Bra Fitting Guide
We’ve probably all heard the statistics – “80% of women are in the wrong bra size” and while that may sound unbelievable, as a professional bra fitter, I can vouch for the fact that it’s true! Why? Well, firstly, a lot of us have grown up not really knowing how a bra is meant to fit, and secondly when we have had a bra fitting, it has often been undertaken with a tape measure – which is rarely accurate.
The most experienced and skilled professional bra fitters use the ‘fit by sight’ technique. This means they are able to look at a customer and instantly tell them the bra size they need – and actually it is the most accurate way of fitting! Plus, once you understand how bras are made, it becomes fairly simple.
Most bra manufacturers use the same size bra underwire to cover more than one size. For example, the wire that is used for a 34B is also used in a 36A and a 32C bra. This means that the volume in the cup of each of these sizes is the same, and the main difference is the firmness in the back.
This principle is called ‘cross matching’ or ‘sister sizing’ and is explained on this easy to use chart
Why does it matter? Well, quite simply, after years of bra fitting, I can confidently say that the most common thing I see is women wearing a back size that is too loose and as a result being able to fit their breasts into a smaller cup size than is ideal. For example the 32d woman who doesn’t realize how securely a bra should fit in the back may wear a loose back e.g. a 36. In a 36 back she will only need a b cup to accommodate the volume of her breasts – BUT usually doesn’t realize that it accommodates her breasts very badly and she’s actually getting very little support and no shape at all! Here’s an example:
If this all sounds a bit like a mystical art – don’t despair! As someone who trains professional bra fitters, the good news is there are a few top tips I can share to enable you to have a go at fitting at home! All you need is:
1. A mirror that allows you to see the top half of your body from the front, side and back
2. To wear one of your newest , best fitting bras, fastened on the loosest hook with the straps adjusted
about half way up – make sure you know the exact size of the bra you are wearing
3. To follow the 2 Step Formula below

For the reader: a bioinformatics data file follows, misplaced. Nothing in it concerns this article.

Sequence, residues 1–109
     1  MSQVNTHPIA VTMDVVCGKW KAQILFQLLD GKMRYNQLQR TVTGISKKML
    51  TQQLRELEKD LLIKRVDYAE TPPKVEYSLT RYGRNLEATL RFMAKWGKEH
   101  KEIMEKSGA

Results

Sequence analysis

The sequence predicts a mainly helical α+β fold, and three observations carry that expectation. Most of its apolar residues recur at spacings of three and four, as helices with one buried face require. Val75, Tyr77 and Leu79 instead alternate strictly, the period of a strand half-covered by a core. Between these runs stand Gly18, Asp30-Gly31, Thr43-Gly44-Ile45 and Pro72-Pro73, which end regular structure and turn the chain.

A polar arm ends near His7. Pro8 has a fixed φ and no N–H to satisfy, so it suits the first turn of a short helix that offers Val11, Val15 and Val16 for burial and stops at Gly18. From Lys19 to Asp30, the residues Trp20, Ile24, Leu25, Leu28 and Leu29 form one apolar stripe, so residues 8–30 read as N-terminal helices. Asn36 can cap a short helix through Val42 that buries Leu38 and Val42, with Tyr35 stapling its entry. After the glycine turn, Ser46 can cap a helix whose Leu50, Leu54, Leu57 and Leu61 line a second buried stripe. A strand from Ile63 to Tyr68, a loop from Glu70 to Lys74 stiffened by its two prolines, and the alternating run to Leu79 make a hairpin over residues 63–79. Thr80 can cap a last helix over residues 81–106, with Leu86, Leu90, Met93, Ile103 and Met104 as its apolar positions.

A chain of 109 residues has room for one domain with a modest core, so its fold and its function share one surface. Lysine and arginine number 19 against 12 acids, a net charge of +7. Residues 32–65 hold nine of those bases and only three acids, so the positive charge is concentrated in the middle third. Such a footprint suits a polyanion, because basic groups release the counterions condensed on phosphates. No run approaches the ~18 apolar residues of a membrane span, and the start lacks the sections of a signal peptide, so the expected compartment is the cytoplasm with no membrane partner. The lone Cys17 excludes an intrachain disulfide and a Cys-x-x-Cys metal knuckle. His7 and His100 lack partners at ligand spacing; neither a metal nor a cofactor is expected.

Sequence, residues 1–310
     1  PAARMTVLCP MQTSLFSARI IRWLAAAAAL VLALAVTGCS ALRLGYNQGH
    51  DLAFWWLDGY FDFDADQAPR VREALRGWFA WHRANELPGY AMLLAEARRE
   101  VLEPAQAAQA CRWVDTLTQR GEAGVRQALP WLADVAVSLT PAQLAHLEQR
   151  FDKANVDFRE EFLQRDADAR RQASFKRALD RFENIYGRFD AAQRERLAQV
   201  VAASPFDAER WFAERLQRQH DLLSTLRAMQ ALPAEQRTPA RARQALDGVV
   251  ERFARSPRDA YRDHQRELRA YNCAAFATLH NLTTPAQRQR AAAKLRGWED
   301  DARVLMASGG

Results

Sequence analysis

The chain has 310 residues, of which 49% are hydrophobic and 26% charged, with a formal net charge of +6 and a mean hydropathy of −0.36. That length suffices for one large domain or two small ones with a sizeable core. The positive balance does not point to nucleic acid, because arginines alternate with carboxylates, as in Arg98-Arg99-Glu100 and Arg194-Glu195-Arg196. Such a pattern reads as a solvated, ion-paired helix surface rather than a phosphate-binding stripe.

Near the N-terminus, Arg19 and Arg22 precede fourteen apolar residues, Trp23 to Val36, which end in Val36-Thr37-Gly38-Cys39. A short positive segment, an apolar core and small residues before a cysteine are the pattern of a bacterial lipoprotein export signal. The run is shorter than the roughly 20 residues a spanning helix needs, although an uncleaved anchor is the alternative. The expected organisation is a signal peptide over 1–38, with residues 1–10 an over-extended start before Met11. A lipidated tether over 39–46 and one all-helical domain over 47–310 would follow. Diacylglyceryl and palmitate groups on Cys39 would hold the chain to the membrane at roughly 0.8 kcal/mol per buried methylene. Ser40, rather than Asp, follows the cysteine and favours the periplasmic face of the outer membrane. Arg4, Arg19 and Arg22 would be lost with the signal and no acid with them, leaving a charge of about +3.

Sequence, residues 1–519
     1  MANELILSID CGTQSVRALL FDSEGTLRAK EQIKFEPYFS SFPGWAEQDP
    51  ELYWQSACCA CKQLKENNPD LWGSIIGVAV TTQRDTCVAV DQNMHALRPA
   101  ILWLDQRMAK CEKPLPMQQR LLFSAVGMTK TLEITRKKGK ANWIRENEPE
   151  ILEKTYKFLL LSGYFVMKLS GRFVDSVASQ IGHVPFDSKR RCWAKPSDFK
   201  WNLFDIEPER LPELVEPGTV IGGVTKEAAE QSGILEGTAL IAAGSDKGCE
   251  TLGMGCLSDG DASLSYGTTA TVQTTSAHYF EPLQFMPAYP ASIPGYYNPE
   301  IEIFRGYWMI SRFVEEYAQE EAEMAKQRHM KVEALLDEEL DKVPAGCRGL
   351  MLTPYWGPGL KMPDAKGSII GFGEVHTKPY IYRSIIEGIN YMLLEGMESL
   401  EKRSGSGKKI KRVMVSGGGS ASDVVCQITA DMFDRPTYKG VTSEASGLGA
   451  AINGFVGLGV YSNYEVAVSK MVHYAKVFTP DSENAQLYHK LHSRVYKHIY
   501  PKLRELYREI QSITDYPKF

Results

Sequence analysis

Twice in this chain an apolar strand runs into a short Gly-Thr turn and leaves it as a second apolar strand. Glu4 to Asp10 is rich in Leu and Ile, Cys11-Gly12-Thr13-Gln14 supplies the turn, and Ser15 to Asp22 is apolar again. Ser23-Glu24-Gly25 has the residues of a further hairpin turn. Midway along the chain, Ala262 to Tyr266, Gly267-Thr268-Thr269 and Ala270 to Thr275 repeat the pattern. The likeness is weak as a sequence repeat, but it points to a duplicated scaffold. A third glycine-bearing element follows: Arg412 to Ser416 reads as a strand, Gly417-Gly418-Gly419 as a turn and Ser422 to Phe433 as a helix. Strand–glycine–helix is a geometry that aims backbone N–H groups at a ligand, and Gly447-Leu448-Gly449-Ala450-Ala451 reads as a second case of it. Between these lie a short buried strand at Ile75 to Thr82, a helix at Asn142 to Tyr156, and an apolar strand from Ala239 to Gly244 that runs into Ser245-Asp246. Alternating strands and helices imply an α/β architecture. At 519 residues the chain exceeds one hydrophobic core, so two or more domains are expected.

The 2-Step Formula to Bra Fitting
The simple formula for bra fitting is:
1) to determine the back size (e.g. 32, 34, 36) and then
2) to determine the cup size (e.g. b/c/d/e) that you need.
The first step will determine the back size. If, after you have followed this step, you find that you need to reduce the back size by 1 or 2 sizes, you will need to automatically increase the cup size by the same number of sizes otherwise the cup will be too small.
You then need to make further changes to the cup size if you spot any of the other signs that the cup
size is wrong in the next step.
How to Do It:
Stand in front of a mirror that shows your top half clearly. With your top off, but your bra on, you
are going to simply observe the fit.
Step 1: Work out the Back Size
Stand side on in the mirror and look at the band of your bra: Your bra band should form a straight horizontal line across your body when you look at it side on. You should be able to put two fingers underneath the band but not pull it out any more than that.
– If the band is higher at the back than at the front and/or you can fit more than 2 fingers under the band at the back, then the back size is too big. If it rides up a lot and has a lot of room in the back then it is probably 2 sizes too big!
– If you can’t fit any fingers under the back band and it feels uncomfortably tight, then the back size is too small (this is not a common problem though!)
Now face the mirror and look at the straps of your bra: Your bra straps should sit firmly in the middle of your shoulders without digging in or leaving indentations, and only require tightening half way. You should be able to pull the straps of your bra down and find your bra doesn’t really move
when it is ‘strapless’.